The Official and Ceremonial Vehicles of World Leaders
Transporting world leaders from A-to-B is a complex endeavor, usually accomplished using motorcades, escorts, roadblocks, and all sorts of bullet and bombproof vehicles. Incorporating that level of technological sophistication into a stylish vehicle worthy of transporting and head of state is no easy task.
Today’s graphic looks at official state vehicles, from the unparalleled Cadillac One that transports President Trump, to the understated ’87 Volkswagen Beetle driven by former Uruguayan president, Josè Mujica.
The Official Official Vehicle
According to data from TitleMax, the overwhelming favorite car brand for world leaders is Mercedes–Benz, particularly the S-Class.
Many countries use luxury brands such as Mercedes–Benz and BMW to transport their heads of state, though it’s also a popular move select domestic brands for such an important and highly symbolic task. The United States, Japan, China, Germany, United Kingdom, France, and Sweden are all examples of countries that chose vehicles made by domestic brands.
The United States spares little expense in keeping the president safe, and President Trump’s Cadillac One, nicknamed “The Beast“, is no exception.
As one would expect, the vehicle is heavily armored, with doors that weigh as much as the ones on a Boeing 757. There are also some unique features packed into the vehicle, such as tear gas launchers, and pints of blood that match the president’s blood type.
Australia’s Prime Minister, Malcolm Turnbull, rides in a BMW 7 Series that boasts some impressive safety features, including on-board oxygen supply and toxic gas sensors.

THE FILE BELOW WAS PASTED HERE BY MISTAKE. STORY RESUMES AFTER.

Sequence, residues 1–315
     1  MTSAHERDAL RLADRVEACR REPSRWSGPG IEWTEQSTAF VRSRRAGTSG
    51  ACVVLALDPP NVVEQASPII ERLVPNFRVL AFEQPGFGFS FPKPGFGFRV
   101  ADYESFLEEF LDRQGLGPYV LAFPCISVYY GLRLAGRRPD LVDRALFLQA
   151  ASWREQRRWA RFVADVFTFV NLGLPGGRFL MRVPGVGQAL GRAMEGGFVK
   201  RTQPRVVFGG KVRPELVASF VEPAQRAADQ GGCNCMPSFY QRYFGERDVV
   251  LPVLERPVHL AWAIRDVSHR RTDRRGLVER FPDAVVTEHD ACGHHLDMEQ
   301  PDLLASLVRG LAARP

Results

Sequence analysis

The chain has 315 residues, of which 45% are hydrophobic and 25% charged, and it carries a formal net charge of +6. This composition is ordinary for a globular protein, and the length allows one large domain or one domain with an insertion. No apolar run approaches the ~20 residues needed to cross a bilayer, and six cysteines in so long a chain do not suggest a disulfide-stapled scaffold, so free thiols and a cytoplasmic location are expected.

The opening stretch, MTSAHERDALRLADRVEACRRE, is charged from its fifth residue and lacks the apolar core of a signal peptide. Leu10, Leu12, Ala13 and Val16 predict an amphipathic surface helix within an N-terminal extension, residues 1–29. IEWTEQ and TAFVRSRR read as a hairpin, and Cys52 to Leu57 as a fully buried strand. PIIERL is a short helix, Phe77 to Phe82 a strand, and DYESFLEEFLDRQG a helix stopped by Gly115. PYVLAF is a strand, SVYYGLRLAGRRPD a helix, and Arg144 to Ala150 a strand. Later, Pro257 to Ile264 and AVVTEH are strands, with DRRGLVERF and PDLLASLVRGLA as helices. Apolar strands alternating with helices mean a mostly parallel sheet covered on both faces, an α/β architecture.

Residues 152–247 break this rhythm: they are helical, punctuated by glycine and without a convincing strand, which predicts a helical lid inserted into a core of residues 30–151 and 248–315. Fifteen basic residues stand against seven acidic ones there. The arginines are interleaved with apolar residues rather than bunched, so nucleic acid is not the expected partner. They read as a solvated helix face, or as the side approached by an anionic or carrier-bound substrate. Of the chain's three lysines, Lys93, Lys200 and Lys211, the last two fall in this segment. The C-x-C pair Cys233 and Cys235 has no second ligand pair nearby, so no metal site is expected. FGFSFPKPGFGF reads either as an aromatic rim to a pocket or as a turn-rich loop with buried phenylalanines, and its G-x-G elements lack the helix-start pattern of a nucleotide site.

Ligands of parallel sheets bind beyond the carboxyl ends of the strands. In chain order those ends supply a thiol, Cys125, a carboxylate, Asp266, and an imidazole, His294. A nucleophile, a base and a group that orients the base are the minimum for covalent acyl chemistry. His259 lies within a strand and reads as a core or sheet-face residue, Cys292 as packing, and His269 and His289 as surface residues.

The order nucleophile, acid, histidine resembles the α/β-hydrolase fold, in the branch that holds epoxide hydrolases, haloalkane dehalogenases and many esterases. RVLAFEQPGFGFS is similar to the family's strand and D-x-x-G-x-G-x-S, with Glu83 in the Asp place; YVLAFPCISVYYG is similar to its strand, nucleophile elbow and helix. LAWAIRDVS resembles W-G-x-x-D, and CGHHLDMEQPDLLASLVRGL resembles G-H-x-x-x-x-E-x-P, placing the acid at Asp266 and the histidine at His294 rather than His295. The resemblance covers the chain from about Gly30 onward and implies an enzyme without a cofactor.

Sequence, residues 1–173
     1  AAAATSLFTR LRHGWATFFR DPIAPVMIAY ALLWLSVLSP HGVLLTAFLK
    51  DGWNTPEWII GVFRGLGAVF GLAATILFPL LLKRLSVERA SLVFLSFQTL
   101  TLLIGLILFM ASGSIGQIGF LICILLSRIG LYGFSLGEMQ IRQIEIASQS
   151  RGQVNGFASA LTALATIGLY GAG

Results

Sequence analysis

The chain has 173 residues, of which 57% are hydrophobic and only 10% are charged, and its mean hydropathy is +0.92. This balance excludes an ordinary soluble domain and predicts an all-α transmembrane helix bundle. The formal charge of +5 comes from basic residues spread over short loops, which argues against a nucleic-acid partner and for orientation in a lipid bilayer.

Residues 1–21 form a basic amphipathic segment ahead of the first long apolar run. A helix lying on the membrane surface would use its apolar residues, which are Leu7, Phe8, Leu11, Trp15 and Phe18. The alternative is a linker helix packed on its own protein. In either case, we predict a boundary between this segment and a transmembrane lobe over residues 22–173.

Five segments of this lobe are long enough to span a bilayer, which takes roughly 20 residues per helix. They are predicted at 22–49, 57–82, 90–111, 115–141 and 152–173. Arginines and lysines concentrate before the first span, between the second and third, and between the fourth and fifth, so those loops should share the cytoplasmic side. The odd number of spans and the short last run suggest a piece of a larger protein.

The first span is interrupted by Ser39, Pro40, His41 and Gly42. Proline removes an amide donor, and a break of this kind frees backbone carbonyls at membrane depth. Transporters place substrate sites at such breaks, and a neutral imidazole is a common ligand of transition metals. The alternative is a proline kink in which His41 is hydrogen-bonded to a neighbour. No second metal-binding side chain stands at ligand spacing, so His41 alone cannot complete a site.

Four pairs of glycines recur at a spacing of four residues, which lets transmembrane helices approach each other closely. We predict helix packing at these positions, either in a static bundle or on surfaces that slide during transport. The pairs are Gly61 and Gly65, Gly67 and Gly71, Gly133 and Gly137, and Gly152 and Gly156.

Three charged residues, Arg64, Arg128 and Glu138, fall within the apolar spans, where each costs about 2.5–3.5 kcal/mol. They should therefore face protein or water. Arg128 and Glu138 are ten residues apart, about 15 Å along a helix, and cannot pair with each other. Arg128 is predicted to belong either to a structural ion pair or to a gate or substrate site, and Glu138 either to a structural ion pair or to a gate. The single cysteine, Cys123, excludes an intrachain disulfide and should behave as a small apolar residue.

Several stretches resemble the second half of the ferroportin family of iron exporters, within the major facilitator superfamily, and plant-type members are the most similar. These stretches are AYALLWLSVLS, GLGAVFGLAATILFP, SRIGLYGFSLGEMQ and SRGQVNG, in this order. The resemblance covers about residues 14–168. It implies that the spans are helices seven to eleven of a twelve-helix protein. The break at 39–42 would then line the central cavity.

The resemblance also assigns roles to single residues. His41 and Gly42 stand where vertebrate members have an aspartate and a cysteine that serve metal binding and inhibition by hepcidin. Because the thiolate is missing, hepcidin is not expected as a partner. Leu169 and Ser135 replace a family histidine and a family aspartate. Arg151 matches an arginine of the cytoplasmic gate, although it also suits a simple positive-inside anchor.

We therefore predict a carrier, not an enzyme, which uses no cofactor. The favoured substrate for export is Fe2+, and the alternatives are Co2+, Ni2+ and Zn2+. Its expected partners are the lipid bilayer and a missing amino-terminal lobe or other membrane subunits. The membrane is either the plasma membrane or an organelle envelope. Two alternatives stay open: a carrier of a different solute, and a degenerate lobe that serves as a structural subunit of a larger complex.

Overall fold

Old School Cool
While many nations fleets consist of modern luxury vehicles, some heads of state opt for vintage rides.
The former King of Tonga, George Tupou V, preferred traveling in vintage cars, such as a 1949 Humber Pullman and his customized London taxi.
An English taxi is extremely easy to get in and out of wearing a sword, a spiked helmet or spurs.
The Rolls-Royce Phantom IV is, in some ways, the quintessential vehicle for pomp and circumstance. Only 18 of the vehicles were made between 1950 and 1956, and all were purchased by royal families and heads of state. Three of these historical vehicles are still in use by the Spanish head of state for ceremonial occasions.
During special events, Chilean leaders cruise in a 1966 Ford Galaxie. The car, which has been in use for decades, was a gift from the Queen Elizabeth II.
Prime Minister of the Netherlands, Mark Rutte, occasionally ditches his Mercedes–Benz S-Class to ride his bike to meetings. That may seem unusual in some parts of the world, but not in the Netherlands where nearly a quarter of the country’s population rides a bicycle on any given day.
Visualizing the BRICS Expansion in 4 Charts
We provide a data-driven overview of how the recent BRICS expansion will grow the group’s influence and reach.
Visualizing the BRICS Expansion in 4 Charts
BRICS is an association of five major countries including Brazil, Russia, India, China, and South Africa. Distinguished by their emerging economies, the group has sought to improve diplomatic coordination, reform global financial institutions, and ultimately serve as a counterbalance to Western hegemony.
On Aug. 24, 2023, BRICS announced that it would formally accept six new members at the start of 2024: Saudi Arabia, Iran, Ethiopia, Egypt, Argentina, and the United Arab Emirates (UAE).
In this graphic, we provide a data-driven overview of how the BRICS expansion will grow the group’s influence and reach.